I remember Lockie Clarke on my front patio by how hard his hands were, and how soft his handshake – in comparison to soft hands that sometimes squeeze to hurt. He wasn’t trying to prove machismo with putty.
In the steep hills of Danglemah, the cattle were more than wild. Musterers came and stayed for days and could only harness a few. Valleys were too steep, the scrub too thick, the beasts beyond feral. Then entered a kid from Mooneba, near Kempsey, with an old-soul demeanour who learnt to muster when he learnt to ride, who trained his dogs to herd wild goats and tame mickey bulls who had never seen a man before.
It was in his blood, his sister Stacey says, he had an instinct of knowing what the wild things were going to go before they did.
He did the work of three men, and used the mustering to buy cattle, working his own stud.
He was in every sense, different to the Generation Z stereotype who won’t leave home – those who are happier on the dole playing video games than they would be working on a farm, those who think of physical labour as some kind of torture.
When I met him, he was a man of twice his age, rough hands, cool head, a man who wrestled horses, cattle and dogs all day, who had a farmstrong physique which couldn’t be built in a gym, who appreciated the beauty of a forested cirque, who could navigate rough country thorny with briars on horseback, barefoot, and who preferred that challenge of life.
People talk about R.M. Williams boots as a mark of the land but Lockie often mustered without shoes.
People talk about being used and abused on farms, but Lockie, who understood the way of the wild, was more educated in the world than so many students from the University of Sydney.
He was not someone who had been exploited by farm work but nourished into it, on his way to being king of his own grass castle, with just his intuition and skills he’d learnt in the gulf at just 17-years-old.
A boy who pulls more than 300kg of wild bovine testosterone doesn’t have to convince you they are tough.
He was his own man, his own business, his own future – and then he fell asleep on the drive to work in the dark.
I never knew how old he was until he died a few weeks ago, buried on the family place at Dungay Creek, aged just 21. For his mum, Donna, there is only an unfathomable sorrow of unrequited pain.
She got the cards and the casseroles but it doesn’t bring back that last piece of the family puzzle.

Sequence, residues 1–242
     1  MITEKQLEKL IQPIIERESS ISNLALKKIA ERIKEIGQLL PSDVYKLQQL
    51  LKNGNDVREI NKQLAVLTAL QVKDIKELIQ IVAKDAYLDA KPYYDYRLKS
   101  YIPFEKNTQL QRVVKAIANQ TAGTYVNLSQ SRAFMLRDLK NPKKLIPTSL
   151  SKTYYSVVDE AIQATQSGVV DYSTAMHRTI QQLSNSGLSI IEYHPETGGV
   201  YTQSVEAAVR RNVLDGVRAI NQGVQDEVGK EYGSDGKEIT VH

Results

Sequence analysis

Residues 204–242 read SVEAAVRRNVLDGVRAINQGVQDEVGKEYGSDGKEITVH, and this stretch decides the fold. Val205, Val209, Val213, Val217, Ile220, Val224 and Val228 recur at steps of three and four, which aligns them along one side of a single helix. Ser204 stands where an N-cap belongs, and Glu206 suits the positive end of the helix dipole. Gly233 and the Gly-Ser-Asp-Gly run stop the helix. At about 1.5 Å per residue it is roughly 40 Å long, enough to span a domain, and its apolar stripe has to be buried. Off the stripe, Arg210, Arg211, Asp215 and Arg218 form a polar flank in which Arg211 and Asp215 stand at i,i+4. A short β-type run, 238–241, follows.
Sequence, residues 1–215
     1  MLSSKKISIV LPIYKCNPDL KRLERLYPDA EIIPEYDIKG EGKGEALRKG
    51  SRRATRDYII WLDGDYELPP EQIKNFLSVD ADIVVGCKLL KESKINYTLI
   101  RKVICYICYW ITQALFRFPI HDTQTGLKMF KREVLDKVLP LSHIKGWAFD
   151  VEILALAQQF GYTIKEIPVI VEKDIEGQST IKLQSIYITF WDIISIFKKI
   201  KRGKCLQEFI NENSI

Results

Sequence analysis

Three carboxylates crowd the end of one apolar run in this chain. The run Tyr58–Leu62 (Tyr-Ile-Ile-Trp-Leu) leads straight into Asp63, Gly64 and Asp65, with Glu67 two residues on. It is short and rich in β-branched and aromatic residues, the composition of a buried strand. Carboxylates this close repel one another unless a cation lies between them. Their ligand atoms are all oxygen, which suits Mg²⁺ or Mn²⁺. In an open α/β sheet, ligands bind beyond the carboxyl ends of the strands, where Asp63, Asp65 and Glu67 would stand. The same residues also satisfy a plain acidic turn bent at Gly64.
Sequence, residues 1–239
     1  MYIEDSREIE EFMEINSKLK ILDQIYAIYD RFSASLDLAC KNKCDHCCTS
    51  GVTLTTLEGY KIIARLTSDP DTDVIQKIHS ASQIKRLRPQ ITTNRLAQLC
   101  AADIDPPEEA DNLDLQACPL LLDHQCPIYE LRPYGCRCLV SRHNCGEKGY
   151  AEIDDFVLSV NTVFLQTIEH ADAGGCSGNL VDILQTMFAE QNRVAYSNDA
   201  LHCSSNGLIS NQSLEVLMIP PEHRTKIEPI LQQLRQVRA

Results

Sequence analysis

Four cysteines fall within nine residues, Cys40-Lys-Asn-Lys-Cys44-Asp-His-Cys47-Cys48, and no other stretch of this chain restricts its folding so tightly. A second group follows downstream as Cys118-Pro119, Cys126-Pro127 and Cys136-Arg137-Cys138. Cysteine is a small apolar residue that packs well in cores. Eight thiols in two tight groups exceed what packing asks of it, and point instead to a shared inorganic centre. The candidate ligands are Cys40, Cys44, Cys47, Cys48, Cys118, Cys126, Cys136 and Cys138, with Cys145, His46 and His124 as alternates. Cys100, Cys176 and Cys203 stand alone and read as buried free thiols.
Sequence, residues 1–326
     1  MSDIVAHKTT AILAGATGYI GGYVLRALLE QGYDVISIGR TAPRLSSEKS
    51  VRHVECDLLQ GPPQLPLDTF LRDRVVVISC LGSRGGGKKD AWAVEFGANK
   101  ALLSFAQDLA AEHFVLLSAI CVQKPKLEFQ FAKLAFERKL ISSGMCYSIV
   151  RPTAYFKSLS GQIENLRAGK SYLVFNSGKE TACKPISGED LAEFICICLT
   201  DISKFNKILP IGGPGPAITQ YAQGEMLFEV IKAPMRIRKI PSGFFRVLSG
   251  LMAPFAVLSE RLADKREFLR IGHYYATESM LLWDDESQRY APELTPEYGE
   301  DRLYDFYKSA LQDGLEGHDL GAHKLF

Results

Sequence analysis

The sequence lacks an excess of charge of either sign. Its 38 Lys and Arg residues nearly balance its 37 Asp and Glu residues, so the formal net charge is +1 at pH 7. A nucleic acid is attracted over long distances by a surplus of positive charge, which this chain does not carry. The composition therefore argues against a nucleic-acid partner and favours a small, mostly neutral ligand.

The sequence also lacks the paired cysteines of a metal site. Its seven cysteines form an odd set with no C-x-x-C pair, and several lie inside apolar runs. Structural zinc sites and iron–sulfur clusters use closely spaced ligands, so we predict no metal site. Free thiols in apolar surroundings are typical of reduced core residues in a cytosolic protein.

A nation made of Lockie’s would be a superpower. Frankly, we need more of them and that’s where Agriculture Minister David Littleproud has navigated a huge win in the new agricultural visa which will let us bring in people who want to work on Australian farms because so many won’t.
Fear stems from the unknown, and there is an element of the commentariat who make-believe farmers hark from a Brothers Grimm fairytale, crooked teeth, waiting to murder, rape or exploit their victims. Crikey even putting the fruit picking industry second to only sex work in how exploitative it allegedly is.
The new ag visa, tethered down as a result of the post-Brexit UK trade deal, which will slash 10,000 backpackers from Aussie farms, opens up our farmers to hire from South-East Asian nations for nine months of the year.
It’s a win for both the land and the Lockies in Vietnam and the Philippines.
But it was a cue for outrage from people who have never stepped onto a farm, citing nightmares of exploited backpackers on remote Australian lands.
Backbenchers such as George Christensen, who worked in overseas charities in the very countries that we will be taking workers from, are already moving to ensure that protections for farm workers, particularly those from povertystruck nations, with poorer English skills, are protected through a strict labour-hire registry with immediate lifetime bans for anyone who does the wrong thing.
We should also use this as the catalyst to improve protections for all farmworkers, so if they get injured, their super pays them out instead of leaving their family in the cold.
We cannot allow the bad apples, who have taken advantage of youthful tourists vulnerable in a foreign land, to define our farmers who overwhelmingly have not murdered, raped and exploited these kids.
Kids like Lockie.
Lockie’s mum Donna stares at a paddock of his bulls.
She doesn’t care where in the world the next musterer comes from, she doesn’t care what colour they are, or what language they speak, as long as their hands are hard and their heart is warm and the legacy of Lockie lives on.